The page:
Monday, December 28, 2015

Kodakery

Kodakery, a monthly magazine for amateur photographers first appeared in 1913. Single copies cost five cents, and a dollar would get you a two-year subscription. While the publication was clearly a vehicle for advertising Kodak products, it also contained a lot of useful information for the photo enthusiast. Each issue was twenty-five or thirty pages in length, with about equal space allotted to text and photo reproductions. The design and layout of the publication was spare and elegant.

There were technical articles in Kodakery aimed at the advanced amateur on subjects like film and print processing. Most of editorial content, however, was less demanding, and focused on how best to compose pictures of subjects likely to be of interest to the average person who was mostly interested in recording events and scenes of daily living. Portraits of family members, pets, and children got attention in every issue, as did subjects like garden flowers, travel, sports, marine and snow scenes. While many of the published photos had a rather bland look by today's standards, all were technically excellent and clearly made by people who were advanced amateurs or professionals. None of the featured photographers, however, were big-name artists of the time.


A couple pages at the magazine's beginning and four or five at the end were typically devoted to advertising – only for Kodak products. The company's capacity for technical research, camera making, and a near monopoly on film production gave it tremendous market leverage. Marketing was conducted through franchises to small shops like drug stores and photo equipment specialty shops, and was supported by expertly coordinated advertising campaigns in Kodakery and elsewhere. Kodakery ads seemed to exclusively feature domestically made products from the massive Rochester, NY establishment. However, though it was not apparent in the pages of Kodakery, the company very early on also was engaged in developing overseas markets and production capabilities, an effort which included the acquisition of promising innovative companies like the Kodak A.G. Dr.NagelWerk in Stuttgart which developed the stunningly successful 35mm film cassette. The end result for Kodak was an industry-dominant position very much resembling that of Microsoft or Google today.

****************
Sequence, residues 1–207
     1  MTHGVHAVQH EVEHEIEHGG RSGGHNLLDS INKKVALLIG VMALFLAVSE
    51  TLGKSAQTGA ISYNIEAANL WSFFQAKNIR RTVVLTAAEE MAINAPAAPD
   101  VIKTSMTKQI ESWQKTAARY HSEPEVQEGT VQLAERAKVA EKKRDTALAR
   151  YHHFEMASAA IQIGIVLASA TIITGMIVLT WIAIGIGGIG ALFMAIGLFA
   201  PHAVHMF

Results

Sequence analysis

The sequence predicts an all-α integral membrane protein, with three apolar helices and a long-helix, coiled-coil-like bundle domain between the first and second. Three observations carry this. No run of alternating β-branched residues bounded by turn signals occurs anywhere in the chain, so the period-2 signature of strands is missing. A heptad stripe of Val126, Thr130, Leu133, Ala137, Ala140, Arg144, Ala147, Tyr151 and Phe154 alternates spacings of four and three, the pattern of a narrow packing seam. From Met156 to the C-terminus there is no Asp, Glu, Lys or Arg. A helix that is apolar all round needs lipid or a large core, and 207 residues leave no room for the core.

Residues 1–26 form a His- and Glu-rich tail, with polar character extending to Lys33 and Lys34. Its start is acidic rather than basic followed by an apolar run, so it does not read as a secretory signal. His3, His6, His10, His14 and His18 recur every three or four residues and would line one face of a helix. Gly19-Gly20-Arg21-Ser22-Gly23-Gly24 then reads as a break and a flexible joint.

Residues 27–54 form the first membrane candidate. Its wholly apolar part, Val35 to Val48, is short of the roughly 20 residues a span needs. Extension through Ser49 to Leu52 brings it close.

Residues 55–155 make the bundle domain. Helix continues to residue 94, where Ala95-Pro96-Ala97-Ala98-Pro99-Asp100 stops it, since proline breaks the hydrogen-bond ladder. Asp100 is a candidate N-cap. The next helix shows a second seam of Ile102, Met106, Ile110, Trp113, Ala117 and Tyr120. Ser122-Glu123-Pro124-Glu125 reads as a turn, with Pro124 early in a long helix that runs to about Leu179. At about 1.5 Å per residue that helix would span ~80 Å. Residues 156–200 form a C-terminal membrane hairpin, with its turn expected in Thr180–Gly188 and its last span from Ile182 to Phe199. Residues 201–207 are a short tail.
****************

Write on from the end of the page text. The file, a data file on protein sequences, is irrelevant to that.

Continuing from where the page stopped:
Pictures of children, pets and women engaged in idyllic domestic activities were most likely to find their way onto Kodakery's covers. The children were sometimes pictured wielding cameras - a clear allusion to the Kodak message that it made photography easily accessible to anyone. Women were also frequently shown using Kodak cameras to record family life. The magazine also featured frequent shots of smiling young women in dramatic poses, wearing stylish clothing at the beach or in some exotic location like a cruise liner. Those same images, resembling fashion shots, over time became very prominent in Kodak advertising presentations.


Kodakery, Volumes 1-12 can be found on line at the mcnygenealogy site along with other Kodak publications.  Beginning in 1943 the "Kodakery" title was used for the in-house publication for Kodak employees.

(This article was originally posted on my web site.)

3 comments:

beedle bumble said...

Great info, must look out for this book in the UK :0)

Mike said...

Copies of Kodakery show up pretty often on ebay. I think I paid just a couple bucks for two or three examples.

beedle bumble said...

Many thanks Mike I will have a look there..